ROBERT DARROCH WRITES
In the early 1970s, Paul Delprat, aka the Prince of Wy. was living with us in Notting Hill in our first London house, along with 13 other tenants. Our huge four-storey corner-house had two sets of ablution facilities – ours, in the former coal-hole in the basement where we resided, and the more standard one on the first floor, in which the rest of the tenantry observed whatever bathing habits their cultures or customs permitted or required.
The Prince takes up the story…
The flat in which I was camping in Notting Hill had a shared-bathroom, the condition of which never ceased to surprise, unpleasantly. I was told by a helpful person in the Tesco supermarket down in Portobello Road about the Lancaster Road Public Baths. I reconnoitred, and found that they were a mere five-minute walk from the house. Excellent!
[I – Rob – interpolate here: you might well wonder what could have led up to this exchange of neighbourhood information in the local supermarket. See below for my theory about this. However, the Prince now continues:]
The next morning, clad in a white bathrobe, a few coins jingling in my pocket, I set off for my first ablutions.
[excuse another interpolation…but that sight – of the future Prince, clad in a white bathrobe, making his way down Westbourne Park Road, across Portobello Road and Ladbroke Grove, and into the purlieu of W10 – must have been an arresting spectacle, even in blasé, seen-it-all Notting Hill]
The rather bored-looking lady in the booth asked: “Do you want a first-class bath, or a second-class bath?” I asked her what the difference was. I did not catch her reply – there was a bit of a racket from people entering and leaving. I thought I heard her say that you shared the second-class bath. Through the turnstile-gate I could see a large pool with people frolicking. Heaven forbid! “I will have a first-class bath, thank you,” I told her. I seem to remember that it cost 50p.
I was given a large fluffy white towel and ushered into a high-ceilinged, steamy room, partitioned into cubicles, each about seven feet high, spaced around the walls.
The sound of running water came from various cubicles, otherwise the room was deserted. My guide, a helpful West Indian girl, indicated my cubicle and asked if Sir would prefer The Times or the Telegraph. I entered the cubicle carrying a fresh copy of The Times. The wood-panelled cubicle needed to be generous to accommodate the bath, which was vast, positioned high on a marble base and surmounted by a massive ornate polished-brass set of faucets. Bevelled mirrors were ranged around the walls. Very “gentleman’s clubby.”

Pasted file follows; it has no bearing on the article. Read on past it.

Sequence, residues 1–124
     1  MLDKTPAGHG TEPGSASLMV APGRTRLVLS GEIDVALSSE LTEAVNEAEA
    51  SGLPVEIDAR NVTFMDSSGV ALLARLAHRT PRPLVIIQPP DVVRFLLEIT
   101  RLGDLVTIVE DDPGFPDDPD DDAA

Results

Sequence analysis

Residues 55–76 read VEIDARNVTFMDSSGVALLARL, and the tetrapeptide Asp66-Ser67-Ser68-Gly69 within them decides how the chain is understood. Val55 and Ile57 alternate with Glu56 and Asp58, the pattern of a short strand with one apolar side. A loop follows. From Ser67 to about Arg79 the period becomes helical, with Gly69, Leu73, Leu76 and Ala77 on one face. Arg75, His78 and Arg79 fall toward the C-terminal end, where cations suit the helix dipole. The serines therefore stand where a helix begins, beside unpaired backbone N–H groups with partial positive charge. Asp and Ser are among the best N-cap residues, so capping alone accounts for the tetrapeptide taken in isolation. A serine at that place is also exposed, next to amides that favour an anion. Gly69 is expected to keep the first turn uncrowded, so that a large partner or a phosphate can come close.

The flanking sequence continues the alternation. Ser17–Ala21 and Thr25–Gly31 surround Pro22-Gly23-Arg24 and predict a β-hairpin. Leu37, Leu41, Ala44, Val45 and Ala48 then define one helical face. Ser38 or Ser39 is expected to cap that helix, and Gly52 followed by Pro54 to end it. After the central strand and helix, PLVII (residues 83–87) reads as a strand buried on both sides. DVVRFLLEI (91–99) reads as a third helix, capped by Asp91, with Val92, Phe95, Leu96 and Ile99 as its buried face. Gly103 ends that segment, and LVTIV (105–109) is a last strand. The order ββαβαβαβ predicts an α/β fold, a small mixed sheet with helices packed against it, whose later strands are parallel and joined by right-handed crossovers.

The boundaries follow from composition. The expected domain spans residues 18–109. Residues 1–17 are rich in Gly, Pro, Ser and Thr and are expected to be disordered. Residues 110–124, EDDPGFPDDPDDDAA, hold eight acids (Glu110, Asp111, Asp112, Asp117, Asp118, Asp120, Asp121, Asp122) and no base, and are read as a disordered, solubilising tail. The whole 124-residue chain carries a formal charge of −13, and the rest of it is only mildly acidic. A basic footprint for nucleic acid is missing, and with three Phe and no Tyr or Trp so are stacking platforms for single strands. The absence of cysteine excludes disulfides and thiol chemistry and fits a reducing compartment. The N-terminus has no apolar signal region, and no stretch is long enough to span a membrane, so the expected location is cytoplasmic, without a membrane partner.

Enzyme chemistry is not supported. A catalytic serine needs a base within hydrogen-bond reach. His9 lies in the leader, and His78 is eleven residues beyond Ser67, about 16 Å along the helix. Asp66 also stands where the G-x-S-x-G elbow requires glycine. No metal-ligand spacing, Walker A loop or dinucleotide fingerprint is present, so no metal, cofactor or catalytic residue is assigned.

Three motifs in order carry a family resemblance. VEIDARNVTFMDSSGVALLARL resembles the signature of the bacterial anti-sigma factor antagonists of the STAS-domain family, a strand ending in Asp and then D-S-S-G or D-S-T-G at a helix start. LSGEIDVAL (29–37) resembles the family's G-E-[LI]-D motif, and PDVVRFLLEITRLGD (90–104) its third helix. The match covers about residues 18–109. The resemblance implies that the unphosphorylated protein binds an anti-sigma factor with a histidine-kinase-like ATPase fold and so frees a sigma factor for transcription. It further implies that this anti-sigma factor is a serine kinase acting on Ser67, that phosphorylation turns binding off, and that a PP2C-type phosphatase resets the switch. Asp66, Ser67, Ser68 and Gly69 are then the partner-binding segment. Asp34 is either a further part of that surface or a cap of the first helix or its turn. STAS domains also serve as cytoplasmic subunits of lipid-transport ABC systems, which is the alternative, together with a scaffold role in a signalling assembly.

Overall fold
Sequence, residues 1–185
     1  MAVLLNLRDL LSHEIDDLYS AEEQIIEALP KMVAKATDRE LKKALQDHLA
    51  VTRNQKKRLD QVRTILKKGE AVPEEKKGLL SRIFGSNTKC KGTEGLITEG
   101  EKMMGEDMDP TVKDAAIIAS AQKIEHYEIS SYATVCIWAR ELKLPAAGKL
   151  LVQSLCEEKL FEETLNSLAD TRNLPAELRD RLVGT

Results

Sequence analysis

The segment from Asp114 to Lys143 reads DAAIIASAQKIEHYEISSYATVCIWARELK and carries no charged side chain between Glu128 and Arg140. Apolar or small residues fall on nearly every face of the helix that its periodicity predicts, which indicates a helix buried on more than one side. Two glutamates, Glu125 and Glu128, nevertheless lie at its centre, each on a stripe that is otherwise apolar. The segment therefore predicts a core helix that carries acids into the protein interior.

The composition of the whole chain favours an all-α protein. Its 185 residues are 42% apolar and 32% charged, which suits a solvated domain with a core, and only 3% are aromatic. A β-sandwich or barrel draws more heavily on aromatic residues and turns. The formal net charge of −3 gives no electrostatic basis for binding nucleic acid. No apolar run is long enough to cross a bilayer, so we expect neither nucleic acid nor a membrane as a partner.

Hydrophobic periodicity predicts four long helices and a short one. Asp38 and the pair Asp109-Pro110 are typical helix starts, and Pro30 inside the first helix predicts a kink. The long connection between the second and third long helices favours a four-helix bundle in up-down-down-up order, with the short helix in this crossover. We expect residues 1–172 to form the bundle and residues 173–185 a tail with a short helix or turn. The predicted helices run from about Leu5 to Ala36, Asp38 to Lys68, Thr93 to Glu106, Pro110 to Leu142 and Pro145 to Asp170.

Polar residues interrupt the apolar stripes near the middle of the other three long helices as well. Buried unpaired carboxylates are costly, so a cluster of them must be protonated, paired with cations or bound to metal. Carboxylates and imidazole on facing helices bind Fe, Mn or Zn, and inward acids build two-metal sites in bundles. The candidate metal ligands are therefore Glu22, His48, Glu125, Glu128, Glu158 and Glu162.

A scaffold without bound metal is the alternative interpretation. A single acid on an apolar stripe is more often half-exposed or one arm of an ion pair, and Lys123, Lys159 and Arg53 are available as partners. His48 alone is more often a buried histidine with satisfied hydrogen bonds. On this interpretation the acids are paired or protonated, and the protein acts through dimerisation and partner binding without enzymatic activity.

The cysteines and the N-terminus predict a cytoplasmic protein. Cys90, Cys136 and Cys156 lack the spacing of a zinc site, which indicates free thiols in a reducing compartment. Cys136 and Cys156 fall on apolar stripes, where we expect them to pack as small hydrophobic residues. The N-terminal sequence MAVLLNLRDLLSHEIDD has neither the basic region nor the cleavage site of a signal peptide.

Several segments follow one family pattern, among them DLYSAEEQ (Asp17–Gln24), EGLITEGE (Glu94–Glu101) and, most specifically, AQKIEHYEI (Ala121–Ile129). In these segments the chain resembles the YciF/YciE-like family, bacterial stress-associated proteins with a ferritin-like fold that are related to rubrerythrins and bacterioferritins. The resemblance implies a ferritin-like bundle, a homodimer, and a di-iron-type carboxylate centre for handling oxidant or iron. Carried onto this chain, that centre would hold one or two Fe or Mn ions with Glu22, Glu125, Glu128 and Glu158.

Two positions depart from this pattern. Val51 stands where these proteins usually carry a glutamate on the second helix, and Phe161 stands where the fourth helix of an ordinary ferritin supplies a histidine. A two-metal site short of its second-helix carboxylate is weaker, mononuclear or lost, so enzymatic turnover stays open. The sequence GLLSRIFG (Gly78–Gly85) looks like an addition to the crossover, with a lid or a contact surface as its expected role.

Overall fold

My guide showed me how to turn on the hot and then the cold taps, testing the temperature with her fingers. Steam rose. She had apprehended that this was my initial visit, and arranged the reading rack on which I opened the newspaper before she left. For a while I had been unsure if she was going to wait and turn the pages over for me. A flight of fantasy.
There were soap and various mysterious cleansing liquids in stoppered glass vessels. Luxury. I wallowed there for about half an hour. Then I dried off, and, pristine-clean, departed in my bathrobe, returning to the flat [six blocks away, I might again interpolate], aware of the interest I was creating for passing commuters in their suits. This became my bi-weekly ritual, which, according to report, meant that I was then twice as hygienic as the average Englishman.
In my life I have never again encountered such a luxurious bath, made more surreal by the contrast of its run-down neighbourhood, and the general ambience of deprivation and squalor. I should have been reading The Decline and Fall of the Roman Empire, but copies of Gibbon were not among the reading provided.
An evocative picture. I am sure the reason why Paul was accosted in Tesco, and directed to the neighbourhood baths, was not because his interlocutor observed any obvious or pressing need in him, but rather because Paul, then as now, has the knack of attracting – indeed, eliciting – sympathetic help whenever he ventures out into the wider world.
This ability of his has, over the years, never ceased to amaze me. I recall one day we were caught in a traffic jam on the Harbour bridge, and we happened to be stuck where the toll kiosks then were. As we waited for the jam to clear, one of the toll attendants came out of his kiosk and asked Paul if he would like a cup of tea. (That’s a true story!)